ALERT: Oct. 2017 HUD to Lower Benefits/Raise Costs Under President Trump-Sec. Carson

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Why Trump’s Policies Could Increase Reverse Mortgage Demand

No matter your political stripe, presidential transitions mark a time of change and uncertainty—after eight years of policies shaped by one administration, another one comes along with a different perspective and plan for governance. If you’re nearing retirement, that anxiety could be amplified: What would a new administration mean for your future as you exit the workforce and enter the next exciting phase of your life?

Reverse mortgages have recently come into the spotlight within the Trump Administration’s outlook on housing and health care costs that the senior population will face.

Long-term care concerns

President Trump and his administration have vowed to cut the federal budget by unprecedented amounts, and though the Republican attempts to overhaul the tax code and health care system have been met with some resistance, the numbers could be concerning for retirees considering the cost of long-term medical care. The administration has vowed not to touch Medicare, but top budget officials have taken aim at Medicaid—a program that helps older Americans pay for care in addition to serving as a social safety net for children and low-income families.

According to recent research from the Kaiser Family Foundation, Medicaid covers a full 62% of older Americans in long-term care facilities. Medicare only provides coverage for a limited amount of time, and cash reserves can run out quickly — prompting many folks with extended long-term care needs to rely on Medicaid benefits as a crucial lifeline. But with the Trump administration signaling a desire to cut more than $1 billion from the Medicaid program, home equity could become an even more important retirement asset to cover unexpected care costs.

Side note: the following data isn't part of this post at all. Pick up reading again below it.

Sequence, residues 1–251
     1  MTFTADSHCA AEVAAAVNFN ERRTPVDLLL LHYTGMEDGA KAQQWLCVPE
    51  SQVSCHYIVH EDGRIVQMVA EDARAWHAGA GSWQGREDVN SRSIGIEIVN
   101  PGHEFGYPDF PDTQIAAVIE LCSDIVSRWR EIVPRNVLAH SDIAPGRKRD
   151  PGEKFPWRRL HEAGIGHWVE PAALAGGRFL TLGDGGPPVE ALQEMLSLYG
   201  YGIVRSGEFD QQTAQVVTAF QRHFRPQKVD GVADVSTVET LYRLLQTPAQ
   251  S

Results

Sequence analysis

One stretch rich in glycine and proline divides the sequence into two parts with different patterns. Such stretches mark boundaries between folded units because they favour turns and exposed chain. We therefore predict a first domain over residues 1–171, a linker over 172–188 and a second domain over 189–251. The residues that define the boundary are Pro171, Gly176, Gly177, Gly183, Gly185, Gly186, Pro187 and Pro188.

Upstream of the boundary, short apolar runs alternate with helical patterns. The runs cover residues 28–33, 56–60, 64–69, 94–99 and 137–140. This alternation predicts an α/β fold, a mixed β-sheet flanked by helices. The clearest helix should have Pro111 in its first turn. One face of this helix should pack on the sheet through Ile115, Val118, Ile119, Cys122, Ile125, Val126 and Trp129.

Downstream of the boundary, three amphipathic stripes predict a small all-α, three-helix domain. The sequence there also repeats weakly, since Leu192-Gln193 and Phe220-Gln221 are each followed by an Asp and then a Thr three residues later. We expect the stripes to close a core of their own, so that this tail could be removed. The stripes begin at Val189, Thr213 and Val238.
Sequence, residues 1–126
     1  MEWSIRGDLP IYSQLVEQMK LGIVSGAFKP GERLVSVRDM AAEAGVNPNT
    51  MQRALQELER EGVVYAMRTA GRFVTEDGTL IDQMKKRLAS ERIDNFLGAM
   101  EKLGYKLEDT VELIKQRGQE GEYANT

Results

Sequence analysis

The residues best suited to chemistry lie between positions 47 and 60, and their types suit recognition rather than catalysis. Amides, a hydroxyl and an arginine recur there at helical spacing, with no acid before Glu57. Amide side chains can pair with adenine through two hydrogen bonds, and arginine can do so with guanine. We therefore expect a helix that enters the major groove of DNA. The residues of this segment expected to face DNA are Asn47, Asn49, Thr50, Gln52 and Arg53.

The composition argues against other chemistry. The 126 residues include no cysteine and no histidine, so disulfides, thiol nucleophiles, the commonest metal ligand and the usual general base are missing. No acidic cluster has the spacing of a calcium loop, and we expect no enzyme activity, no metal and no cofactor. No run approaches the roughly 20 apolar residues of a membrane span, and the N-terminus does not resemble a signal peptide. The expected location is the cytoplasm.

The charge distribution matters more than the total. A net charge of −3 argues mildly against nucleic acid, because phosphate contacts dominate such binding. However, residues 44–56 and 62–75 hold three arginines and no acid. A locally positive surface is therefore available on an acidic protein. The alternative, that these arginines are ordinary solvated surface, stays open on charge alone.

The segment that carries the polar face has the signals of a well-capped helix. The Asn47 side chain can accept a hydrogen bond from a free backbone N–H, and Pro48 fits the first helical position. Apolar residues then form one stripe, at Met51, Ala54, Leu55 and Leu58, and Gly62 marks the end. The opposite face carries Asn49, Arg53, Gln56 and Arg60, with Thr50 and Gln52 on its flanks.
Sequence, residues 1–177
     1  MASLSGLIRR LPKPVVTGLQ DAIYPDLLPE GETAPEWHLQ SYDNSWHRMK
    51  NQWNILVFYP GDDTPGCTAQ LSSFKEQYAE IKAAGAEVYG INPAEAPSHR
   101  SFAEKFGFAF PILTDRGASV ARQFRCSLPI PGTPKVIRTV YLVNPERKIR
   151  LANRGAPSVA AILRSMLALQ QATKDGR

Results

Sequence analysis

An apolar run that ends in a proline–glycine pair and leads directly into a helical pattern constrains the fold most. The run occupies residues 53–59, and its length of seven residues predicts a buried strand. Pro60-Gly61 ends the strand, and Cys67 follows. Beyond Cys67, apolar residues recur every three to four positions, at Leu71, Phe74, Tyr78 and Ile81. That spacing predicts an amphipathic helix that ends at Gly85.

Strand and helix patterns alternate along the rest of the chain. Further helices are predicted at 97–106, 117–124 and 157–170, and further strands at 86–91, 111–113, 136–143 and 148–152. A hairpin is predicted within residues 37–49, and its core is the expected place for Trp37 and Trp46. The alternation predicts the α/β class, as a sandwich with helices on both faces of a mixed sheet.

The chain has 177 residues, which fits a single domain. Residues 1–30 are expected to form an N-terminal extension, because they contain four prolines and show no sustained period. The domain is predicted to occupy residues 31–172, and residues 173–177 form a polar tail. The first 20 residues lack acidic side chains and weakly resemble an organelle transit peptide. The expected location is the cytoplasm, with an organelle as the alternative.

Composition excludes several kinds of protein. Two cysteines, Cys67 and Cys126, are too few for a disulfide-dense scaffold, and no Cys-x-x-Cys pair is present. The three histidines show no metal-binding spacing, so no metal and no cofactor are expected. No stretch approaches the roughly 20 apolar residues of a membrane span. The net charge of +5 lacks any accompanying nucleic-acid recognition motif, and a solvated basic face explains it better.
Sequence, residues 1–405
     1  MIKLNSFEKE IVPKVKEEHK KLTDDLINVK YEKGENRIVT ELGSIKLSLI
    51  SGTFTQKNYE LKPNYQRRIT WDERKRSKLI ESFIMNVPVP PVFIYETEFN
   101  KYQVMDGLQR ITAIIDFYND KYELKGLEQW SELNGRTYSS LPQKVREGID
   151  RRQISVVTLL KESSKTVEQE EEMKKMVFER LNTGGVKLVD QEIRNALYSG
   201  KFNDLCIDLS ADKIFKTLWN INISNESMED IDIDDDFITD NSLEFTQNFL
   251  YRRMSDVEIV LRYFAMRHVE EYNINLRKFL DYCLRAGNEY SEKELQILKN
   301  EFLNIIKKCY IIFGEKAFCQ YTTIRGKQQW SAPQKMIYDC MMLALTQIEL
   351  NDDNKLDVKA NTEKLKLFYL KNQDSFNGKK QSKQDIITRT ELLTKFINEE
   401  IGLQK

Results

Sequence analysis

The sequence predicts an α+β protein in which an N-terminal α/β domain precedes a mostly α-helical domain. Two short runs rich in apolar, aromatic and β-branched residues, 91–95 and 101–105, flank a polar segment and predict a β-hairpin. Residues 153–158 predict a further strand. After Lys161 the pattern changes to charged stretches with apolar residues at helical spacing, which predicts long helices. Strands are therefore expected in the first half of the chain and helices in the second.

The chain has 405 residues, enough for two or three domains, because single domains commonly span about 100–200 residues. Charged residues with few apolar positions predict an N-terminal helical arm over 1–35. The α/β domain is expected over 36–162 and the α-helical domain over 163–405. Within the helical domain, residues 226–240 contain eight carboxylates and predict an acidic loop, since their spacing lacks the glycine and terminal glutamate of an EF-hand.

An emphasis on self-reliance and housing

The president rode to office on a wave of dissatisfaction with Washington, and so far Trump’s administration has made moves to emphasize the individual’s responsibility for his or her financial future. Ben Carson, secretary of the Department of Housing and Urban Development, has often spoken on these themes, and has dedicated his tenure to exploring programs that allow homeowners—the young and seniors alike—build wealth through their properties.

“Every day we fight for freedom, looking for ways to have more choices, to make up our own minds, and to use our resources for our needs, in our own way,” Carson told the audience at a recent convention of senior care providers in Florida.

He also used his remarks to discuss the recent improvements to the reverse mortgage, which his department oversees—including Financial Assessment to ensure that borrowers can meet their responsibilities under these loans, and clarifications to rules that allow spouses to remain in the home even after the death of the borrower.

“This is a top priority for my department: To give seniors more opportunities, more alternatives, more choices, and, if desired, to help more people age in place,” Carson said.

Carson’s commentary could signal a renewed dedication to the government-backed Home Equity Conversion Mortgage in Washington. But at the very least, his attitudes reflect a growing political shift that puts the onus on the individual, which should make senior homeowners take a close look at how a reverse mortgage can help to convert home equity into additional cash flow in retirement.

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